Employee Retention Credit (ERC)
ERC, The Last of the COVID-19 Stimulus?
As part of the Coronavirus Aid, Relief, and Economic Security Act (CARES Act) in March of 2020, the Employer Retention Credit was designed to provide a refundable employment tax credit to help businesses with the cost of keeping staff employed during the pandemic.
This tax credit unlike the EIDL, is not a loan and is not paid back over time. Instead, this is a one-time payment from the IRS to your business to help offset the cost of keeping employees. The amount of credit your business may qualify for is derived from your qualified wages paid between March 12, 2020 through September 30, 2021.
Program Eligibility and Credit Amounts Should Only Be Determined by Qualified Individuals and Service Providers.
There is a ton of misinformation regarding ERC...
While we cannot combat all misinformation out there, we can help by answering some basic frequently asked questions.
Yes. Your business can still be eligible to receive Employer Retention Credits, however the amount you may be eligible for will be reduced.
This is a common question, and the short answer is there is a maximum your business can receive. Currently, the max amount your business can receive is $26,000 per employee during the covered period.
The required documentation is typically found from either your CPA or through your Payroll Provider. Some ERC service providers may also offer to pull this data on your behalf. Not sure where to start? Let’s start with some basic info HERE
Nobody can accurately predict when a company or person is going to be audited. The same goes for ERC. We do recommend that if you apply for ERC you do so with a provider that is willing to supply you will all documentation to assist in the event your business is audited or one that offers audit protections. The Ragnar Group Inc. only works with ERC providers that offer these services.
Yes. You business can still qualify for ERC.
There are currently no restrictions on what the funds can be used for. Since these funds are technically a refund of taxes already paid, there are no strings attached. Utilizing these funds could be just the boost your business needs to help gain and retain employees.
Possibly. We have found that while your CPA can certainly be a great source of information in filing for ERC, there are many intricate layers to this program. For that reason we feel more comfortable leaving the filing to individuals and firms that focus in this area. Think about it like this, would you trust your Estate attorney to represent your business in international tax law? No. Why? Because even though the Estate attorney is an attorney, they may not be as qualified to represent you in international tax law matters. Same logic applies to ERC.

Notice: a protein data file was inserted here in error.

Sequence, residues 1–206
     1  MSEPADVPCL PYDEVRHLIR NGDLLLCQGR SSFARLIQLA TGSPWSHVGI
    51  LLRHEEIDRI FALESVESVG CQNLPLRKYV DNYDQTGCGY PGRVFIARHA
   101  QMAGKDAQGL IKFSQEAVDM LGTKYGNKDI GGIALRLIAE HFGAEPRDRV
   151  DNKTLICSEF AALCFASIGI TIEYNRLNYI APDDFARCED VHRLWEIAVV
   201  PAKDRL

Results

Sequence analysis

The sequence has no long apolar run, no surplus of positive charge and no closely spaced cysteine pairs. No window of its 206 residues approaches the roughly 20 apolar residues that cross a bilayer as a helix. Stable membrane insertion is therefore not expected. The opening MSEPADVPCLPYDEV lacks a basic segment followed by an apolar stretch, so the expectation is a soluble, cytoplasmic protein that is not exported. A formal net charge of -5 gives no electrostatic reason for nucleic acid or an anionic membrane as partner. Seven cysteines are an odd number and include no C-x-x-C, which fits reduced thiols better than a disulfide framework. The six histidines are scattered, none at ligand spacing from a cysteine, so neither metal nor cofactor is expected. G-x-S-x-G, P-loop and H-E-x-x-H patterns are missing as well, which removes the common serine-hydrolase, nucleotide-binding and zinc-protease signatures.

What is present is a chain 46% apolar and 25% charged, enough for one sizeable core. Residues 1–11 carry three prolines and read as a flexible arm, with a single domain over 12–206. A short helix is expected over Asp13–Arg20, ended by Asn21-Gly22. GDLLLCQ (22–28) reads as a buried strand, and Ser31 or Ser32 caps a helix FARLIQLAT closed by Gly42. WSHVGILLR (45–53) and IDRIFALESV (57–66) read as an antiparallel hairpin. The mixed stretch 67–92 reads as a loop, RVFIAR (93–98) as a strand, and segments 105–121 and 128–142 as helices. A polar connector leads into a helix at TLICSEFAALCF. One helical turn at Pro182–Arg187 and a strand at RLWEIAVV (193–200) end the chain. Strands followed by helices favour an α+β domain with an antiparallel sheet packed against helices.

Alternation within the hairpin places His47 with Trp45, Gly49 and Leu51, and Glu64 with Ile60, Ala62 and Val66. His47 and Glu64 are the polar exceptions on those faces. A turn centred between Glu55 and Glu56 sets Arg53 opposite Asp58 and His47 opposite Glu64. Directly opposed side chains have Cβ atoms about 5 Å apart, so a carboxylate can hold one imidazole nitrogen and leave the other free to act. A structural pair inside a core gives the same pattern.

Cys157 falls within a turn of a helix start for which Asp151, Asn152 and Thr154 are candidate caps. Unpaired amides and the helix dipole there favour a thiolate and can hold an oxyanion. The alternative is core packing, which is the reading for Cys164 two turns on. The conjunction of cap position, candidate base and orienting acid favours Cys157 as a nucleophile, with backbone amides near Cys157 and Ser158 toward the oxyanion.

No. Your business may also qualify under the Government Mandate Test. You may also hear the term “Governmental Order” to describe this test. These describes situations where a business may be eligible without having a decrease in revenue. For example, if a governing body mandated businesses restrict the amount of occupancy in a business, this may qualify that business under the Government Mandate Test. Work with your ERC professional to establish what may and may not qualify.
General rule of thumb is 500 full-time employees. However, full-time employees is based on the IRS definition. If you have over 500 employees, you may still be able to qualify. Check with your ERC professional for exact qualifications and definitions.
We cannot speak for all ERC providers however the providers we work with all offer initial ERC qualifications and estimates free of charge. Their fees are contingent upon your business receiving the credit from the ERC program and is typically a percentage based on the total amount received.
So far the average time from application to funding is running between 6 – 9 months. There are ERC providers that are now offering advanced funding for an additional charge if you are looking for a quicker turnaround. There are pros and cons to using advanced funding and you should always consult with your advisors, tax professionals and attorney prior to entering into an agreement.
Yes, nonprofits including churches can claim ERC as long as they meet the eligibility requirements.
Let's get started to see if your business qualifies.
Disclaimer: You should always consult your tax, legal and/or financial advisor when making financial decisions. The Ragnar Group Inc. may be compensated for referring ERC service providers in addition to any compensation derived from providing insurance and financial services. The Ragnar Group Inc. nor any of its wholly owned subsidiaries directly provide ERC service or filing.